Optimizing Renewable Energy

Optimizing Renewable Energy

Jay Apt

In well over half of the United States, legislatures have required that an increasing percentage of electric power be generated by renewables — like solar and wind power.

The legislation has been supported by a coalition of three parties: environmentalists who want to reduce greenhouse gas and other pollution, advocates of green jobs, and energy independence groups.

Carnegie Mellon University professor Jay Apt has developed an extensive body of work demonstrating that it matters how renewable resources are integrated into the U.S. electricity grid.

Apt and the researchers at CMU's Tepper School of Business and Carnegie Mellon Electricity Industry Center (CEIC) are on the leading edge of quantifying how to use new technologies to the best advantage when integrating large-scale renewable electricity.

Apt's work has three focuses: markets for electric power, security and reliability of the electric power system and low carbon dioxide generation, including renewable power.
 
"In renewables and other low carbon electric power, we have done a lot of work in the basic mathematics of wind power and of solar power that's shown how you can best integrate those into the existing electric power system at the lowest cost," Apt said.

Renewables, including wind and solar, are variable and intermittent sources. Nonetheless, the electricity grid must provide reliable electricity on demand, 24 hours a day.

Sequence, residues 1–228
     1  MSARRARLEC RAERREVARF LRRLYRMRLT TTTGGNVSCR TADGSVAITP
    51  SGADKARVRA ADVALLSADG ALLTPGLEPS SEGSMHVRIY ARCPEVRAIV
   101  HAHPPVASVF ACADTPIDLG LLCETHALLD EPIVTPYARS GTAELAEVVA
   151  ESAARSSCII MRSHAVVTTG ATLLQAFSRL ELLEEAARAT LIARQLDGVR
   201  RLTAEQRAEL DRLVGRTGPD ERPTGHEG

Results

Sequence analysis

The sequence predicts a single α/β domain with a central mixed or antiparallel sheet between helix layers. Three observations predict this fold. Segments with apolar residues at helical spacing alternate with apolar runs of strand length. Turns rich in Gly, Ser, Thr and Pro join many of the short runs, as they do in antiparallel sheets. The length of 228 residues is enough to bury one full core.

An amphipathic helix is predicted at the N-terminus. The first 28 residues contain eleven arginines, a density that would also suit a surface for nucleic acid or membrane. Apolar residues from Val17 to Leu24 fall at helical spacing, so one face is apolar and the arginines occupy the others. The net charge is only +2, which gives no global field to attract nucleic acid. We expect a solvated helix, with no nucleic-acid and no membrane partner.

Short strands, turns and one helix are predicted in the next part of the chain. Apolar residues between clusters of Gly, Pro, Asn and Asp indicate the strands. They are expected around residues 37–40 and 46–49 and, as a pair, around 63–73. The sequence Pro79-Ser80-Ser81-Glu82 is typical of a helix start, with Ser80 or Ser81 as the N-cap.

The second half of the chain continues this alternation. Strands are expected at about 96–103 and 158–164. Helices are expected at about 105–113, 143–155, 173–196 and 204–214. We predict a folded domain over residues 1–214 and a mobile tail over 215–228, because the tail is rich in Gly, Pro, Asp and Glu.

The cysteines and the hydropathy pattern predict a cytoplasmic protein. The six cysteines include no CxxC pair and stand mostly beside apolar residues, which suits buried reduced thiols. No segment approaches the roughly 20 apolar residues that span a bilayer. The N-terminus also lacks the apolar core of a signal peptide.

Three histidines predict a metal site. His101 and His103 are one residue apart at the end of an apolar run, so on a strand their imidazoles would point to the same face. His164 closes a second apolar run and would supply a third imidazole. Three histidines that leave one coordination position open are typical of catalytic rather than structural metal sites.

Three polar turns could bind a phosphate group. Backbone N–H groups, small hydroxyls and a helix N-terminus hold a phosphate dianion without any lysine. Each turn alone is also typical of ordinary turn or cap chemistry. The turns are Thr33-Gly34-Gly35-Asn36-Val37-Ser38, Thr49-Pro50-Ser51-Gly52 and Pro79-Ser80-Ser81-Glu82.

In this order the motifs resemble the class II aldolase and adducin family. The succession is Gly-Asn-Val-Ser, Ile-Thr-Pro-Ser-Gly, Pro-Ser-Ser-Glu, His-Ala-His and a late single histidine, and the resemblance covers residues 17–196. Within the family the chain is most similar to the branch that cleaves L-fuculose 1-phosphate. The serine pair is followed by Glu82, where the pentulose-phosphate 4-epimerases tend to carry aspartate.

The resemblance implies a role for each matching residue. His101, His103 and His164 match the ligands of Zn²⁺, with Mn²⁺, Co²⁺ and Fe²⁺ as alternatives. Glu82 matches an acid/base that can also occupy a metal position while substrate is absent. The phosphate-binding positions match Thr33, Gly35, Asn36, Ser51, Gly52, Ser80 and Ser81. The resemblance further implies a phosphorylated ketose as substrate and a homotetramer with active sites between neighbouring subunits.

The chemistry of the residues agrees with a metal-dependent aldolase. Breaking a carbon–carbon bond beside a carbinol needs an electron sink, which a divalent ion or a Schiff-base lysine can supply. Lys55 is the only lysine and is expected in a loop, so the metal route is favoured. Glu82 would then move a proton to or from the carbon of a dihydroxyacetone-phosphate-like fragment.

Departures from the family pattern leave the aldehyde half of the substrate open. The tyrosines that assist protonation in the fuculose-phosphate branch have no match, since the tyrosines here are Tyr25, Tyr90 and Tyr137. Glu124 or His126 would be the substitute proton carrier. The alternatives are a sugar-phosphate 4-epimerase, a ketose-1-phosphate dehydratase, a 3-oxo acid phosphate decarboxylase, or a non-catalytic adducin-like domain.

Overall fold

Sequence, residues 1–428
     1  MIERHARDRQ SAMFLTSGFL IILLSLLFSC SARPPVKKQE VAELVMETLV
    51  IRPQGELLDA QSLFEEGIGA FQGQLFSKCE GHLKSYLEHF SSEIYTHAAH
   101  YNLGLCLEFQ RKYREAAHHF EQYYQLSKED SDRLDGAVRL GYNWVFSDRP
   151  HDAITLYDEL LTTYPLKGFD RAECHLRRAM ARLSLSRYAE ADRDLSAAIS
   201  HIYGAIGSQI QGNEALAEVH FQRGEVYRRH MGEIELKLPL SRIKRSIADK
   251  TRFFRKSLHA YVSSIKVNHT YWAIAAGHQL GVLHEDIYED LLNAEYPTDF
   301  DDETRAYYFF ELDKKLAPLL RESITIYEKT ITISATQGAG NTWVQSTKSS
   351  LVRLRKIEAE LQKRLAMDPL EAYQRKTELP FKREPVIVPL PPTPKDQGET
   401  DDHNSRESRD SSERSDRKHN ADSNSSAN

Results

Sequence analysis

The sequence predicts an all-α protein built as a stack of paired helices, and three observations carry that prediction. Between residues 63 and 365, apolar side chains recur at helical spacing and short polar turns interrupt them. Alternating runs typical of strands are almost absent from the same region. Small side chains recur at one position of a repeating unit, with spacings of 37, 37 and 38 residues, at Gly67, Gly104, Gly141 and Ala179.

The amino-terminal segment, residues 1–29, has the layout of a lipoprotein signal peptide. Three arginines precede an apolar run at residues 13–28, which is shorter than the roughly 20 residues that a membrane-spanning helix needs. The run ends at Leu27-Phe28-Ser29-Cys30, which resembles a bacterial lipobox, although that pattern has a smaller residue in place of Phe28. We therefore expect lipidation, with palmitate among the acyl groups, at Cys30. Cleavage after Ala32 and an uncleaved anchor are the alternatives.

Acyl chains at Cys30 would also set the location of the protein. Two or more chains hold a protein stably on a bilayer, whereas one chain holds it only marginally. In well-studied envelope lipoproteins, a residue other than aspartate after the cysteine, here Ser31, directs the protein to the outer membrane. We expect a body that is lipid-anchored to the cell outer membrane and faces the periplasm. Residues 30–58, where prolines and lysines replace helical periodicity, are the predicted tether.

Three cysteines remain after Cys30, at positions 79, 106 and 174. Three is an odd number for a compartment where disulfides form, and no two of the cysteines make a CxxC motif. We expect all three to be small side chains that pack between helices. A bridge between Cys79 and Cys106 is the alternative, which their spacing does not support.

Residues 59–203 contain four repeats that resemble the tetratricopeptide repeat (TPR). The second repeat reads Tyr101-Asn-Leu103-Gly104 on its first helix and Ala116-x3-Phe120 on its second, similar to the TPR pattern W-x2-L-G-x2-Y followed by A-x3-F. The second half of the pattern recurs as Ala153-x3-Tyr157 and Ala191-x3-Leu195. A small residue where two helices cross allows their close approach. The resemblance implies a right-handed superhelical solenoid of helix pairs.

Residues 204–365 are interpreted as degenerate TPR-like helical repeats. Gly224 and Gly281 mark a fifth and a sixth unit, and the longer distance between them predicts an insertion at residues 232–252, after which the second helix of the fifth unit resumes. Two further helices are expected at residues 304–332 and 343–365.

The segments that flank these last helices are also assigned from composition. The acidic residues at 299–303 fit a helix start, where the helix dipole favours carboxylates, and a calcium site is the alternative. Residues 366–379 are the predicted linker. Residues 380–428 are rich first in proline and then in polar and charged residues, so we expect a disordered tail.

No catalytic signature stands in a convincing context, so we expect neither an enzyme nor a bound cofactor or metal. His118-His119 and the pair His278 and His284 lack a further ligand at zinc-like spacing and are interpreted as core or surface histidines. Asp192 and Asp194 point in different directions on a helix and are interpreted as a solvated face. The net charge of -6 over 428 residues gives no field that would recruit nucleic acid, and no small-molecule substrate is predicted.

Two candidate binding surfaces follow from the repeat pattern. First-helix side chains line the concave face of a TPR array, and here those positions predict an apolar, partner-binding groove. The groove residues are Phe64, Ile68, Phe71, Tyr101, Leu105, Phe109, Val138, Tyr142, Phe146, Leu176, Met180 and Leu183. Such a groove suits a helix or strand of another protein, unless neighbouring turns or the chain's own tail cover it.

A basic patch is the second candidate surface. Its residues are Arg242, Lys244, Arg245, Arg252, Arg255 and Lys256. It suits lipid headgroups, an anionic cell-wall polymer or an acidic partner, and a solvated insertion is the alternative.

Recently, Apt and his colleagues published a summary of their research over the past five years pertaining to this important issue titled, "Smart Integration of Variable and Intermittent Renewables," that clearly demonstrates the value of a quantitative approach to analyzing integration.

For instance, wind-generated electricity presents variability on every time scale from seconds to days, and this variability must somehow be accommodated as wind is incorporated into the electric grid.

Limited quantities of wind power can be successfully integrated by using the current generation and demand-side response mix, but as deployment of this variable resource increases, the resulting variability will be a bit more costly to mitigate.

Apt is one of more than 100 faculty and researchers across the university working together to solve the world's toughest energy challenges through the Wilton E. Scott Institute for Energy Innovation.

The Scott Institute seamlessly combines CMU's longstanding expertise in technology, policy, integrated systems and behavioral and social science.


Related Links: WSJ Article: Blackouts Are a Fact of Life | Jay Apt Presentation: Electricity in the 21st Century | Scott Institute for Energy Innovation | Engineering and Public Policy | Tepper School of Business